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In addition to having a great view, there’s even a sliver of Lake Ontario viewable through a maze of hi-rise buildings.
In addition to having a great view, there’s even a sliver of Lake Ontario viewable through a maze of hi-rise buildings.

Home of the Week: King West digs aimed at entry buyer Add to ...

393 King St. W., Penthouse 1206, Toronto

Asking price: $359,000

Maintenance fee: $499.79/month (includes parking)

Unit size: Approximately 740 square feet, one bedroom, one den

Taxes: $2,020.57 (2012)

Listing Agent: Jen Tripp, HomeLife/Realty One Ltd. Brokerage

When Stacey Barbetta bought her penthouse on King Street West near Spadina in 2006, the downtown artery was not what it is today.

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Yes it was populated, but only really busy during the night and on the weekends when people came down to party in the bar-heavy neighbourhood.

Otherwise, it was pretty peaceful.

“It is such a central location, in terms of getting to the airport, getting good bars and getting to the TTC,” says Ms. Barbetta.

But a lot has changed in seven years. Many of the nightclubs have moved out and condo towers have moved in. There are many more people and the area pulses with urban life.

Renovations

The King’s Tower was built in the 1990s and was converted to a fully residential space in 1999. Because of this, amenities are minimal, but all of the staples are there. There’s a gym, a communal outdoor space off the third floor with a barbecue and billiards tables. The unit also comes with a locker on the same floor, a rarity in new condos.

“This is kind of an old gal of a building,” says agent Jen Tripp. “And older buildings tend to bring offerings that new construction doesn’t always have. For one, the units are generally larger.”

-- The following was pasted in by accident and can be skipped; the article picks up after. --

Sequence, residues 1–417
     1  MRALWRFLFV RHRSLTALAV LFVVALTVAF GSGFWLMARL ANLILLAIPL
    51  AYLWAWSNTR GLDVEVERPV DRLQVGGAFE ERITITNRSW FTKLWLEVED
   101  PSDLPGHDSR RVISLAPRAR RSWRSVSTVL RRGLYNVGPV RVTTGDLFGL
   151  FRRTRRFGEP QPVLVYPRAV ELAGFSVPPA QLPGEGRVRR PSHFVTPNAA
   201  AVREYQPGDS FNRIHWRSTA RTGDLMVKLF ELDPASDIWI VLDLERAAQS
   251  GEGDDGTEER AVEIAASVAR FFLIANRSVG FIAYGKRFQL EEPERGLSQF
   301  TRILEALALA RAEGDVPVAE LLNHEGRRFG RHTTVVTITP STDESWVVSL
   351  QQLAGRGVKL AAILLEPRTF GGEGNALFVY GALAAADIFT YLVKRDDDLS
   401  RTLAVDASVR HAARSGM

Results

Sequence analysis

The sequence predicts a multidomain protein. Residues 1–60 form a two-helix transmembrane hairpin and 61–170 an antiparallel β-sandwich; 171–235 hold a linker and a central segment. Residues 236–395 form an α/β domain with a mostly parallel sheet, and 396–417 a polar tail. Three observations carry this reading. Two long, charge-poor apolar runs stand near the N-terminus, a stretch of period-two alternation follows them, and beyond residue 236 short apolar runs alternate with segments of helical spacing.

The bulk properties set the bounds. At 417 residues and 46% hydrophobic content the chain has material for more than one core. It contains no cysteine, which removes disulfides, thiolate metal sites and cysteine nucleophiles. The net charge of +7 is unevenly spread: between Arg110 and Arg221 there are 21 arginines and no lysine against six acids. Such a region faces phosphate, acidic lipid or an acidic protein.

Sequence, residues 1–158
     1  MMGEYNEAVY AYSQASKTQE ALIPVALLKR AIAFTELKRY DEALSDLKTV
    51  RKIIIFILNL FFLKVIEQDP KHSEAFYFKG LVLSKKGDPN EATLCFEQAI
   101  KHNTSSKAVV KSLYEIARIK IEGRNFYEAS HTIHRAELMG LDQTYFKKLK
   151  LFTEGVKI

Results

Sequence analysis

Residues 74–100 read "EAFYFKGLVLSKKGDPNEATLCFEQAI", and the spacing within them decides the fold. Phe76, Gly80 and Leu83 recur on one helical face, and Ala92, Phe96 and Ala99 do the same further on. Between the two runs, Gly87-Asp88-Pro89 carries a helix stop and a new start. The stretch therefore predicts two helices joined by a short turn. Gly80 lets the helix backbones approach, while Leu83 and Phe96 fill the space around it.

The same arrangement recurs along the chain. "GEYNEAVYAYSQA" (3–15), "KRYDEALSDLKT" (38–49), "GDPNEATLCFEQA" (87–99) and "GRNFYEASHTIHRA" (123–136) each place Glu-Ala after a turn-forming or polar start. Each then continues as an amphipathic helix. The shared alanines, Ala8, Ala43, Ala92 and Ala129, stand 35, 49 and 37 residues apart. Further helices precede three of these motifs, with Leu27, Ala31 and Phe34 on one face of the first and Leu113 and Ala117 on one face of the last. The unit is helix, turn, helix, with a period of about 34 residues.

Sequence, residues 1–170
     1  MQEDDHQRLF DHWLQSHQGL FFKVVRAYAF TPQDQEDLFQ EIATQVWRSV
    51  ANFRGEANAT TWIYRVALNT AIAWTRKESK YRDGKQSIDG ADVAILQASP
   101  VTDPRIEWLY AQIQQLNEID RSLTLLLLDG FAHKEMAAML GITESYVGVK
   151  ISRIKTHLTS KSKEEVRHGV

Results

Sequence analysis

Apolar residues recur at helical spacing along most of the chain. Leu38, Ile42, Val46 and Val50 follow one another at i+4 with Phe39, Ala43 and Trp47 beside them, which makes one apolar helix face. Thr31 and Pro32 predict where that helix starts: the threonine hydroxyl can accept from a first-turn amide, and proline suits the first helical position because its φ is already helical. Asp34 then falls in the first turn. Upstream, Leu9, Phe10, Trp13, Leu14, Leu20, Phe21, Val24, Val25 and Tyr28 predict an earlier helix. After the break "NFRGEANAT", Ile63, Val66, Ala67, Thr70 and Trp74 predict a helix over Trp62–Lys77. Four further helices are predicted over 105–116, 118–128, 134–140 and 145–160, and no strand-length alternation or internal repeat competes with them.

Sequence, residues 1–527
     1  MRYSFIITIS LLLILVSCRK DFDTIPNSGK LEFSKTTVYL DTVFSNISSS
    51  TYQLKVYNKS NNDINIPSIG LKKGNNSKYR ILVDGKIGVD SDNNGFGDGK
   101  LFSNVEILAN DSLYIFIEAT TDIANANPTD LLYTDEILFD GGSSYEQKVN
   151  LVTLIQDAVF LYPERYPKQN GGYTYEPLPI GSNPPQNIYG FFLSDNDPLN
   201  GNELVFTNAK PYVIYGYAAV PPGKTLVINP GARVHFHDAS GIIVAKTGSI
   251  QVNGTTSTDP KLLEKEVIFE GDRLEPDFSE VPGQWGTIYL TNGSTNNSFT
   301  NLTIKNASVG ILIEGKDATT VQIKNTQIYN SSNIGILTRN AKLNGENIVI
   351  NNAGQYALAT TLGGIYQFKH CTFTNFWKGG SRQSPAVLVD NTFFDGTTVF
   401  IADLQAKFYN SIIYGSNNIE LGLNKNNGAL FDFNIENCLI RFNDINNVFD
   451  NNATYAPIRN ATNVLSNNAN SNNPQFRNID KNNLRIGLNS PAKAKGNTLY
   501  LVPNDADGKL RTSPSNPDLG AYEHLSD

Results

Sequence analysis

Another plus is that there is more concrete between the floors, cancelling out a lot of noise.

Even though the unit was only seven years old when Ms. Barbetta took ownership, it needed some work.

“When I walked in, I really liked the high ceilings and the spaciousness, but it definitely need a little TLC,” she says.

When she bought it the unit had concrete floors, red and yellow walls and dirty carpet in the den. Her first task was to get it clean and refreshed with a new coat of paint. She managed to cover up the oppressive yellow and red walls with many layers of an off-white hue. She then installed new laminate floors and revitalized the decor with new light fixtures, keeping only one – an industrial silver, semi-dome pendant that dangles from the exposed pipes.

Those pipes are a gift of the previous owners, who had renovated the ceiling by peeling away the drywall, exposing its industrial innards and enlarging the space by raising the ceiling height significantly while giving it a true loft feeling.

But the biggest change Ms. Barbetta made was removing the lower half of the east wall to expose the windows the drywall was covering, thus creating an entire wall of light.

“I love lying in bed and watching the sun come up, or just sitting by the windows [in the living room]. The light is just so soft,” she says.

Favourite features

For Ms. Barbetta, the east side of the loft near the wall of windows is one of her favourite spaces. It provides light all day, she says. In the morning natural light comes in as the sun rises, then as it moves west the light bounces off the surrounding windows of other hi-rises to give her unit a soft, reflected glow.

Interestingly, her other favourite space is the den, the only room in her penthouse not flooded by the light from the east wall.

“I really love the den because everything else in the loft is so open. It’s very cozy by comparison,” says Ms. Barbetta.

Ms. Tripp adds that, in addition to having a great view – there’s even a sliver of Lake Ontario viewable through a maze of hi-rise buildings – the building has a high walkability score: There’s a grocery store, a liquor store, multiple coffee shops and a drug store all within a two-minute walk of the entrance. It also sits at the crossroads of two streetcar lines.

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